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I have a Core Data relationship between two entities, which is like this:

Entity A                        Entity B
aRelationship <-------------->> bRelationship

With the delete rule set to cascade.

Maybe I have this wrong, but I thought that if the delete rule for both of these relationships was set to "Cascade", then when did the following...

[context deleteObject:EntityA];

...it would also delete all the of the Entity B's associated with it. However when I log all of my entity B's it would seem that I am mistaken.

Could someone please shed some light on my confusion?

Thank you very much.

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2 Answers 2

up vote 47 down vote accepted

While it's not immediately apparent in the graphical data model editor each recipocal relationship i.e. each

<--> 

...is really two separate relationship each with its own delete rule. Delete rules are activate when an object of the entity with the delete rule is deleted.

So, if in the data model editor you have two entities Alpha and Beta with a relationship:

Alpha.betas<-->>Beta.alpha

… then you really have two relationships like so:

Alpha.betas--(delete rule)-->>Beta.alpha
Beta.alpha--(delete rule)-->Alpha.betas

You never want to set up a delete rule like this:

Alpha.betas--(cascade)-->>Beta.alpha
Beta.alpha--(cascade)-->Alpha.betas

… because deleting any one Beta instance will delete the associate Alpha object which will trigger the deletion of all related Beta objects. Depending on the details of your data model, a reciprocal cascade can delete a big chunk of you data by accident.

What you really want is:

Alpha.betas--(cascade)-->>Beta.alpha
Beta.alpha--(nullify)-->Alpha.betas

Now, when you delete the Alpha object, it will delete all associated Beta objects.

When a cascade is blocked, it is usually a problem with a required relationship. Can't tell for certain without details of the data model.

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Quick question, when I run [context deleteObject:EntityA]; this will ensure that all betas are deleted right, if i have it set up just as you have in the last snipit of code? –  James Dunay Aug 22 '11 at 22:04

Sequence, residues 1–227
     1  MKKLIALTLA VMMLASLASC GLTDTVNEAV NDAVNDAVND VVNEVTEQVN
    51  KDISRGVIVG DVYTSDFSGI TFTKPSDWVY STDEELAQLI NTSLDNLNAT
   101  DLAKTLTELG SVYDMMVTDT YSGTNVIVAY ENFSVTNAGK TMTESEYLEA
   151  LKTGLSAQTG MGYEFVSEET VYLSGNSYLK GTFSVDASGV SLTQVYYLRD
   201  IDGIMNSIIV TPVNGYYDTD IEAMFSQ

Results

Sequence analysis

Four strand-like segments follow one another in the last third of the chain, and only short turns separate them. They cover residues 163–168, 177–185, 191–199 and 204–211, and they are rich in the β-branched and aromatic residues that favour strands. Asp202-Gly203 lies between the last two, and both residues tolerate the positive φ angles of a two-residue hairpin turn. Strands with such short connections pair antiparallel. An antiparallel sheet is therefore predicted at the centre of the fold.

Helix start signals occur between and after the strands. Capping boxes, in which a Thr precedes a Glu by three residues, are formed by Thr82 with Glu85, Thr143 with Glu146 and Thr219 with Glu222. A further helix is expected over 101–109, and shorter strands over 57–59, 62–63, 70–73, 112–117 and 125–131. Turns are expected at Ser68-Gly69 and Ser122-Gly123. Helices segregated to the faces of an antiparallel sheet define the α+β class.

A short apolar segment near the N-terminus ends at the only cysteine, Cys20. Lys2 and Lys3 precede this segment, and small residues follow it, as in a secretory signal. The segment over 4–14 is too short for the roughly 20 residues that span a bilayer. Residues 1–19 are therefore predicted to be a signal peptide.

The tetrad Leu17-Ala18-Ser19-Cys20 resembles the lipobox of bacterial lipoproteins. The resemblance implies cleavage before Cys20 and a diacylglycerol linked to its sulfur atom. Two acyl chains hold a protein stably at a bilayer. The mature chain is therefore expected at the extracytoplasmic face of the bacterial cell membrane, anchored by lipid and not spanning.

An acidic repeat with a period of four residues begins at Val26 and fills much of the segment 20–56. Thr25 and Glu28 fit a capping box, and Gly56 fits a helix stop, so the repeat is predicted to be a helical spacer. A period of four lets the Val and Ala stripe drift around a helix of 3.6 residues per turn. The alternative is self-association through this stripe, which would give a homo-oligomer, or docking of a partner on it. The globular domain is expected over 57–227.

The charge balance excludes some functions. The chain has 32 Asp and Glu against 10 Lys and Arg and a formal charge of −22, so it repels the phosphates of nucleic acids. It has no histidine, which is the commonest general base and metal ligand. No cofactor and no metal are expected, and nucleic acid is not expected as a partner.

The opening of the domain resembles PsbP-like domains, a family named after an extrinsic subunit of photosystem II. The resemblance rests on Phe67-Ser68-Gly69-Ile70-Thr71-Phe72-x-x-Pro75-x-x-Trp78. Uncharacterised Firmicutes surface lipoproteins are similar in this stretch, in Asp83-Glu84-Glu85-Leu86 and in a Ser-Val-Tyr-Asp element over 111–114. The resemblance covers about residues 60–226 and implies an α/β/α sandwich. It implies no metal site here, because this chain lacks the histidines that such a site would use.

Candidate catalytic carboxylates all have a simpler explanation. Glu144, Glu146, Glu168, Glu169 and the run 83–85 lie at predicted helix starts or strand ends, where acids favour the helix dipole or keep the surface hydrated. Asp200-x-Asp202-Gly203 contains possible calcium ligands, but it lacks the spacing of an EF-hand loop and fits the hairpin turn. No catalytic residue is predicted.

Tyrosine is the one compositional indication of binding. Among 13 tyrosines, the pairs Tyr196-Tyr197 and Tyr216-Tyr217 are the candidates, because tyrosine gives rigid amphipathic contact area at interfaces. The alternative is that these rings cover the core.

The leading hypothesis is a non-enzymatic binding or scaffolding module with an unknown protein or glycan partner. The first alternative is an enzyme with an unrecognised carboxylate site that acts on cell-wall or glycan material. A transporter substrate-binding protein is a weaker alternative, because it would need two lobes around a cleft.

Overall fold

Assuming there isn't something else blocking the delete. –  TechZen Aug 23 '11 at 0:28
    
But what if I delete all Betas? How to make Alpha delete automatically in such case? –  shoumikhin Jan 10 '13 at 20:44
    
Just a thought: Set minimum 1 for the relationship and the delete will fail for the last beta. Handle the error by deleting the related Alpha. Not sure if it works this way though. –  Mihai Timar Sep 12 '13 at 16:20

It depends on what delete rules are you using.

Here is what Apple said in their document:

"When you delete a managed object it is important to consider its relationships and in particular the delete rules specified for the relationships. If all of a managed object's relationship delete rules are Nullify, then for that object at least there is no additional work to do (you may have to consider other objects that were at the destination of the relationship—if the inverse relationship was either mandatory or had a lower limit on cardinality, then the destination object or objects might be in an invalid state). If a relationship delete rule is Cascade, then deleting one object may result in the deletion of others. If a rule is Deny, then before you delete an object you must remove the destination object or objects from the relationship, otherwise you will get a validation error when you save. If a delete rule is No Action, then you must ensure that you take whatever steps are necessary to ensure the integrity of the object graph."

The link of “Relationship Delete Rules.”: http://developer.apple.com/library/mac/#documentation/Cocoa/Conceptual/CoreData/Articles/cdRelationships.html#//apple_ref/doc/uid/TP40001857-SW1

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